Broadening awareness of and working with Neurodiversity

During Neurodiversity Celebration Week (18-22 March), the team at CORC undertook a variety of activities each day within Anna Freud to continue to broaden staff’s awareness, including a panel of Anna Freud staff and young champions with lived experience, and discussion with Kieran Rose, the Autistic Advocate.

This year’s BACP Children, Young People and Families conference also took place on 9 March with the theme of ‘Neurodiversity: the therapeutic encounter’, a topic voted for by BACP members. It had a hybrid attendance of 1,300 members, by those working with children and young people.

At CORC we want to ensure we can provide outcome measure resources and information that can be effective for those working with all children and young people, and wanted to share useful findings from the event, for those interacting or working with diagnosed or un-diagnosed neurodivergent individuals.

As practitioners know, it’s key to connect with the individual young person in the room, getting to know them, their ways and what it is they perceive they are having difficulty with and what is impacting their wellbeing, without any judgement, or the practitioner’s filter of the world getting in the way. It could be that a neurotypical practitioner is together with a neurodivergent young person, and it's important to ensure there is no empathy gap or unconscious bias taking place. Schools, systems and the world at large are currently set up with an expectation to conform to neurotypical tendancies, which those with neurodivergence may be struggling to 'fit in' with, having an affect on their mental health and wellbeing 

For a young person with neurodivergence, their individual sensory needs should be considered. They have their own unique ways of experiencing their environment and people they come into contact with and often present with high anxiety as a result. Only 7% of communication is verbal, and if the young person is experiencing all other senses in more hyper and/or hypo way, this can be overwhelming, or difficult for them to comprehend.

This can start with understanding from the young person whether they are happy with the layout of the room, whether anything feels uncomfortable, how they feel about silence, that they are okay with their personal space, ensuring they can feel able to collaborate with what to do in the session, and of course providing sensory objects to help with a sense of calm. This opens up discussion and awareness of their sensory needs and how these aspects might be impacting their life too. When they are feeling enclosed, frustrated or overwhelmed they may come across as aggressive to people in their world, but having awareness of this in the therapy room creates a safe and comfortable space for them.

How they individually are experiencing the environment and systems that are interacting or competing around them will therefore be having an impact on their wellbeing. Smell, touch, sight, diet, their balance and other body sensations will also be making this more intense for them.

(image shared by Edith Bell, Clinical Director of Family Works)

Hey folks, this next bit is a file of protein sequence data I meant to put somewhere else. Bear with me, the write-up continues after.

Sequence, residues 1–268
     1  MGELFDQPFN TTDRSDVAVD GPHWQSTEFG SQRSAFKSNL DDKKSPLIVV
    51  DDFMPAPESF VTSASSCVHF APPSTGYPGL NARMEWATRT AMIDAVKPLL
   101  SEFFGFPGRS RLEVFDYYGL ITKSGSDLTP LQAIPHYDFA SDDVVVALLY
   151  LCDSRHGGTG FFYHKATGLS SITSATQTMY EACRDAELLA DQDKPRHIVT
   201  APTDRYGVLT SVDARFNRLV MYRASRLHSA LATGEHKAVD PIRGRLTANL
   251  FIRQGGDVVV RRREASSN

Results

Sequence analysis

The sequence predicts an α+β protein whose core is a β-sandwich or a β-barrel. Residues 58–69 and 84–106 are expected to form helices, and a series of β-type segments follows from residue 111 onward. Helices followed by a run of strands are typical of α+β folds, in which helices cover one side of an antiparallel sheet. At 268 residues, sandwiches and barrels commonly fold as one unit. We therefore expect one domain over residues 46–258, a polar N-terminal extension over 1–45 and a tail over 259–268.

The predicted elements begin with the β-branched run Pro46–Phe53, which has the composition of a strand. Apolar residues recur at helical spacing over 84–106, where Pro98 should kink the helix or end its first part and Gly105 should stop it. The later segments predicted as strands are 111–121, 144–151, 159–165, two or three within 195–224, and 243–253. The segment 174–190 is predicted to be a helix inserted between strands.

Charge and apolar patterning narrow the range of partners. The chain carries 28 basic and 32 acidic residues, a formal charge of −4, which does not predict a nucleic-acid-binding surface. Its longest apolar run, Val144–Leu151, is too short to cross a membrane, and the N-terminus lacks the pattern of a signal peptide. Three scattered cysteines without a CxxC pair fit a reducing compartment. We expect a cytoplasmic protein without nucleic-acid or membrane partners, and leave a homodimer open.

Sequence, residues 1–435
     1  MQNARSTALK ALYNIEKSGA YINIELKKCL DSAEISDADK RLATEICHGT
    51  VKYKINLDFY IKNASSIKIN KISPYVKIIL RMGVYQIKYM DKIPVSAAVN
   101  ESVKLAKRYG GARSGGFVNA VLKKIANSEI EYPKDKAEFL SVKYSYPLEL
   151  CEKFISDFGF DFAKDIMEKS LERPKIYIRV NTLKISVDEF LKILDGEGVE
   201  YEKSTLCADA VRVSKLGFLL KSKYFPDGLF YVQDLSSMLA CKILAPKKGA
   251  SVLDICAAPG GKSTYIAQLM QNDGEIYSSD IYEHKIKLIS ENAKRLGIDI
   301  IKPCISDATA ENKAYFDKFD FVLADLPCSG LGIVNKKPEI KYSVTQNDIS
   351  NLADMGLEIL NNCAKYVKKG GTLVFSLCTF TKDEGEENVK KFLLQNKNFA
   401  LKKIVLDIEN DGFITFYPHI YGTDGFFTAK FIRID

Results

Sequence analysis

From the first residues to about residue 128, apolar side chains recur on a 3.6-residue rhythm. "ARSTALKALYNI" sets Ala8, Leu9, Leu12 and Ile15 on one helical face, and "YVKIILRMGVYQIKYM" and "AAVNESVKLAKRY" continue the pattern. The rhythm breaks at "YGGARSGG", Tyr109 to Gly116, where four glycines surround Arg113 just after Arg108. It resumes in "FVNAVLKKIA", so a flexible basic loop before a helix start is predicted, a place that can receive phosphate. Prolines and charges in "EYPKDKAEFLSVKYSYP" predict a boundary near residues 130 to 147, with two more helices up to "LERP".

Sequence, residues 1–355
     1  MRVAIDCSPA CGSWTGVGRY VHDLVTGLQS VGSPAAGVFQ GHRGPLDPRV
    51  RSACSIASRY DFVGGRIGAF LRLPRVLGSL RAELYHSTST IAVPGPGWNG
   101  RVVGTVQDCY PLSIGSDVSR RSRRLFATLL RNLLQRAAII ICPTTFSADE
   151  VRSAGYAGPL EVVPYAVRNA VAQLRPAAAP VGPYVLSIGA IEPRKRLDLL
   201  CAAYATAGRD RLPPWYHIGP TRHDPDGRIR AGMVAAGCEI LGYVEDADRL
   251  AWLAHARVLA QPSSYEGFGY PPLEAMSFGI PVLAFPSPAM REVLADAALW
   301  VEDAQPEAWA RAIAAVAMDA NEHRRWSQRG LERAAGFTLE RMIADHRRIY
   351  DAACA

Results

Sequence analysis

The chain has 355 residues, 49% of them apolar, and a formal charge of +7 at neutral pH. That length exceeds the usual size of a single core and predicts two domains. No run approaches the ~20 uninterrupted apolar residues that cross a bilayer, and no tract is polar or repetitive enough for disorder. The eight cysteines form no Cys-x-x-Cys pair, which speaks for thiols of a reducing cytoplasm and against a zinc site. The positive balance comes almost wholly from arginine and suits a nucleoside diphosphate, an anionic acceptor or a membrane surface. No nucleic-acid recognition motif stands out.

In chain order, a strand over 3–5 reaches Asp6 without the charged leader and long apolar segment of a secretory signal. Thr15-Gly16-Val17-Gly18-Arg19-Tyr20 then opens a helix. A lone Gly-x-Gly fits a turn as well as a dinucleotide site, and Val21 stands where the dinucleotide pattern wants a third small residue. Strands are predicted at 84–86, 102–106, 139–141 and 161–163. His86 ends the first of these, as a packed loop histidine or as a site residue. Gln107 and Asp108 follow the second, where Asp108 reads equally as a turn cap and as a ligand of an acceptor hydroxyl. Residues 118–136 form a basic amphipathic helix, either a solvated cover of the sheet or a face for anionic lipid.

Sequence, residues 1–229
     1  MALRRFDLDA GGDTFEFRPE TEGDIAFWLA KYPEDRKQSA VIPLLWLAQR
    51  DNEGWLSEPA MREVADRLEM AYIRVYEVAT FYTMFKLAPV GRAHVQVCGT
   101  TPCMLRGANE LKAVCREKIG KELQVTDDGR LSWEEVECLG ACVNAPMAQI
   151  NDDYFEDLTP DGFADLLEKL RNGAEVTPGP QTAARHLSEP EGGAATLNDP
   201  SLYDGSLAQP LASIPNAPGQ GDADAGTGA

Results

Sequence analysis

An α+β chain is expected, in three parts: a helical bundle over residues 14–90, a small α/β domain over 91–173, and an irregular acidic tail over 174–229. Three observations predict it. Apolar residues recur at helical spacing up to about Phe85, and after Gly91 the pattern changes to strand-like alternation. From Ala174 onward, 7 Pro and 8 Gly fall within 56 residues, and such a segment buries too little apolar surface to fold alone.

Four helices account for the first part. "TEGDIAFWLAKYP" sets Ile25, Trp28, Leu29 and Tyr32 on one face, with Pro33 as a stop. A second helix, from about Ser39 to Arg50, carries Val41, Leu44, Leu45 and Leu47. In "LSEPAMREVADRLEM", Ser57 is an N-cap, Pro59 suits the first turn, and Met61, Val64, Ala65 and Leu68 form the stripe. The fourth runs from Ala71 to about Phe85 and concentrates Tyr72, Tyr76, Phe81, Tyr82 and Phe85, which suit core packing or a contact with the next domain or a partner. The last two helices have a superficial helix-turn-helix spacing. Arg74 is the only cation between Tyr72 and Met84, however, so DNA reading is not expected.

Using the Goal Based Measures resource is an effective way to work with the young person to understand what things they’d like to improve in their world. They may need longer time to process the information being discussed and come up with their responses.

Someone with ADHD might for instance decide for themselves that one goal is ‘to get less angry’, leading the therapist to be curious what makes them angry. For someone with Autism it could be they want ‘to make friends’, or ‘be like everyone else’, for someone with Dyslexia they might want to ‘feel less panicky in class’. Using their goals to explore their world further will help to identify their particular experiences, and to realistically and supportively empower them to express what they personally find to be a challenge, and where, what or who in their personal environment could help with this goal, by bringing awareness of their needs, as well as building on their own resilience.

Finding creative and non-verbal ways for them to communicate is likely to be required across the age range. They could feel misunderstood by others, and this is a chance for them and their uniqueness to feel understood.

There are incredible aspects these young people can bring, once they can operate well in their world.

The information learned from this event, evidence-based research conducted around neurodiversity and input from CORC members will be invaluable to contribute to provide more effective support for these children and young people. We know this is having an impact on school attendance because individual needs aren’t currently being factored into the mainstream approach. However the more evidence that can be provided, the clearer the picture will be.

If you’d like CORC to work with you to collect data or devise measures that could progress this area, please get in touch.

Chrissy Norwich, CORC Communications and Marketing Officer, Member of EDI Neurodiversity working group and Counsellor working with Children, Young People and Adults

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